Mikko Spolander, the head of the economic department at the Ministry of Finance, talked about the ministry’s economic forecast for 2019–2021 in Helsinki on Thursday, 4 April. (Vesa Moilanen – Lehtikuva)

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THE MINISTRY OF FINANCE has revised up its growth forecast for Finland for 2019–2020.

The Ministry of Finance on Thursday revealed that it has upgraded its forecast for gross domestic product growth for this year from 1.5 per cent to 1.7 per cent and that for next year from 1.3 per cent to 1.4 per cent.

“The Finnish economy is pushing forward on the afterheat of the economic upswing,” summarised Mikko Spolander, the head of the economics department at the Ministry of Finance.

The growth rate is expected to slow down further to 1.2 per cent in 2021.

The Ministry of Finance also reminded in a press release that the growth forecast is associated with major risks: the growth outlook has deteriorated particularly rapidly in Europe, while trade conflicts are casting a shadow on world trade and the global economy and, as a result, on the export-dependent Finnish economy.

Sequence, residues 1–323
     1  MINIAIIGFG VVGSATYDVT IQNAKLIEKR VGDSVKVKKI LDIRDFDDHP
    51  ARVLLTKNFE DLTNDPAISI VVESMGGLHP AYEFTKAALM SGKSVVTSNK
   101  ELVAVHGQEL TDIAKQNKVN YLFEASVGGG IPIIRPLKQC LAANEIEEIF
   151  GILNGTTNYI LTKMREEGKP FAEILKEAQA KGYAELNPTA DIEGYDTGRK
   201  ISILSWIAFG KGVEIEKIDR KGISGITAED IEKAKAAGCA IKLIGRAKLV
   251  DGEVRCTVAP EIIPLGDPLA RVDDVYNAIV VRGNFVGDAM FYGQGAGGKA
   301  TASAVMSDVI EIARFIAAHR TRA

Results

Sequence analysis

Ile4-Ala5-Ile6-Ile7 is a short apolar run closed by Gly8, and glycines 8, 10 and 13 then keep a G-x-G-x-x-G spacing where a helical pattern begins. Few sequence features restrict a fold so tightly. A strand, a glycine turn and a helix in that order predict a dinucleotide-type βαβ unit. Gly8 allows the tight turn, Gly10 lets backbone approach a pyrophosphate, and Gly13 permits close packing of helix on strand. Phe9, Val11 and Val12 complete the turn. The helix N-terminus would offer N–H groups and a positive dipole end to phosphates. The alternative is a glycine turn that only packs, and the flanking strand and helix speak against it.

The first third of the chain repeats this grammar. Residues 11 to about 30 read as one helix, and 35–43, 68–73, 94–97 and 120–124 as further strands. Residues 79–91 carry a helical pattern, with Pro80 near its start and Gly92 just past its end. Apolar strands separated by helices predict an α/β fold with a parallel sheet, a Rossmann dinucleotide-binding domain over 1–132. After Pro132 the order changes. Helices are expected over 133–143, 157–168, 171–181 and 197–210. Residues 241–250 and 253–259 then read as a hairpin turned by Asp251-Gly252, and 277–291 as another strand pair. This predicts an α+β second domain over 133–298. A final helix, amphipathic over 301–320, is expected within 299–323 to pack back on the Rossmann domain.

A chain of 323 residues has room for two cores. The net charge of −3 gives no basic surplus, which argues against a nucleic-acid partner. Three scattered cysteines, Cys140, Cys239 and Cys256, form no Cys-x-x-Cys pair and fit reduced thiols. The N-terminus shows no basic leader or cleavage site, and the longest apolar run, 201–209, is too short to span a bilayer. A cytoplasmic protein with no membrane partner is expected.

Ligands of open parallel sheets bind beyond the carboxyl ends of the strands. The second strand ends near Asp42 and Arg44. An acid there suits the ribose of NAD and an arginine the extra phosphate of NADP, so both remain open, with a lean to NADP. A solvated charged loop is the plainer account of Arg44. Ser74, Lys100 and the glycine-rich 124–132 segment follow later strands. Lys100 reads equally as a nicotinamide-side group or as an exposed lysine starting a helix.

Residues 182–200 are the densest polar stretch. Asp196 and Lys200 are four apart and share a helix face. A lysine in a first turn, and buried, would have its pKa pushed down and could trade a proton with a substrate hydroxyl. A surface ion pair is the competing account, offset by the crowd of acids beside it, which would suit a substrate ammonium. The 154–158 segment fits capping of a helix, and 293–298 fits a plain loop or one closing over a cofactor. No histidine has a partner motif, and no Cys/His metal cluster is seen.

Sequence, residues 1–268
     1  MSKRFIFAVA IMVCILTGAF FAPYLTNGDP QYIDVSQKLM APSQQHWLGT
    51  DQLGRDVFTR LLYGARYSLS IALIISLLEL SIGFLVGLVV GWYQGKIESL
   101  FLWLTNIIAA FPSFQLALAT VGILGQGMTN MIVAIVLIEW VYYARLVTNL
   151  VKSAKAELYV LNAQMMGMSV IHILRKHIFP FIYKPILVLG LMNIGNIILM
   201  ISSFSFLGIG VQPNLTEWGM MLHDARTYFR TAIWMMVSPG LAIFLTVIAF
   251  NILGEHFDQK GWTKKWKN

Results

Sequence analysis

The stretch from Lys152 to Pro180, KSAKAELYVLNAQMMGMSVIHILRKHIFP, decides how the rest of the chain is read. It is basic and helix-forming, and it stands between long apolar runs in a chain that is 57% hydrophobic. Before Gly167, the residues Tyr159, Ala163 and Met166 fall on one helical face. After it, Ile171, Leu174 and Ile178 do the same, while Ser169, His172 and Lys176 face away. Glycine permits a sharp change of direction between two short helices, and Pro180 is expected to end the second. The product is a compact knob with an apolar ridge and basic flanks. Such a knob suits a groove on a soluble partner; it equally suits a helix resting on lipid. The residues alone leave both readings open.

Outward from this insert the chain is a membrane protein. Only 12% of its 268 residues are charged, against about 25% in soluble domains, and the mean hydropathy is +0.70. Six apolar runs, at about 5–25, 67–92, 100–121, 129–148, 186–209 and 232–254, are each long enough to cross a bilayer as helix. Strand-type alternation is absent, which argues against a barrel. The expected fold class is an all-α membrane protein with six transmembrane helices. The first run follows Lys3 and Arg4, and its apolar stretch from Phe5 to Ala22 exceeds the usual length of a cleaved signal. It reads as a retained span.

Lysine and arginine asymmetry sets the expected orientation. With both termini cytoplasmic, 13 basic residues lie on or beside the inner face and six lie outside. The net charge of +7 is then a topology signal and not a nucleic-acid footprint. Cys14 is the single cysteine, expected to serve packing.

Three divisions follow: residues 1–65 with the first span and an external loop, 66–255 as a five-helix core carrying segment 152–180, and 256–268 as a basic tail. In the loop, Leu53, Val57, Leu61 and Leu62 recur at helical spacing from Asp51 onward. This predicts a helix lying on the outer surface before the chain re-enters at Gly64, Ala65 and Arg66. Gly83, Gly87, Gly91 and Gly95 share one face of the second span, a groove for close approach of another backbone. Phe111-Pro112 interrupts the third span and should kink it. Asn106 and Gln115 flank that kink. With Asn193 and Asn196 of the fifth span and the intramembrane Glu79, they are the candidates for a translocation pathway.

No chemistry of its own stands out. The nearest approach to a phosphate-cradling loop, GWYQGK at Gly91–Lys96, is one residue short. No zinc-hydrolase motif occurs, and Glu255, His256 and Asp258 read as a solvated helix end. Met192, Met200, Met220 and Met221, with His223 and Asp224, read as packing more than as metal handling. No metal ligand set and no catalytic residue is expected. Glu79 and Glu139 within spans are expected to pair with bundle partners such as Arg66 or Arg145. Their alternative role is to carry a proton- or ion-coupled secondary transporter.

A particular cause for concern is the largest economy in the eurozone and the most important export market for Finland, Germany. Recent reports indicate that the intake of industrial orders in the country decreased by 4.2 per cent in February, representing the fourth consecutive month of negative growth and the sharpest decline in two years.

Most of Finnish exports are industrial equipment and investment goods.

In Europe, the other key risks include the direction of economic policy in Italy and the uncertainty arising from Brexit.

“A key risk for European economic development is Brexit without a deal. Its impact on trade between Britain and the EU would be considerable in the short term. It is to be expected, however, that trade would recover before too long,” reads the press release from the Ministry of Finance.

Aleksi Teivainen – HT
Source: Uusi Suomi

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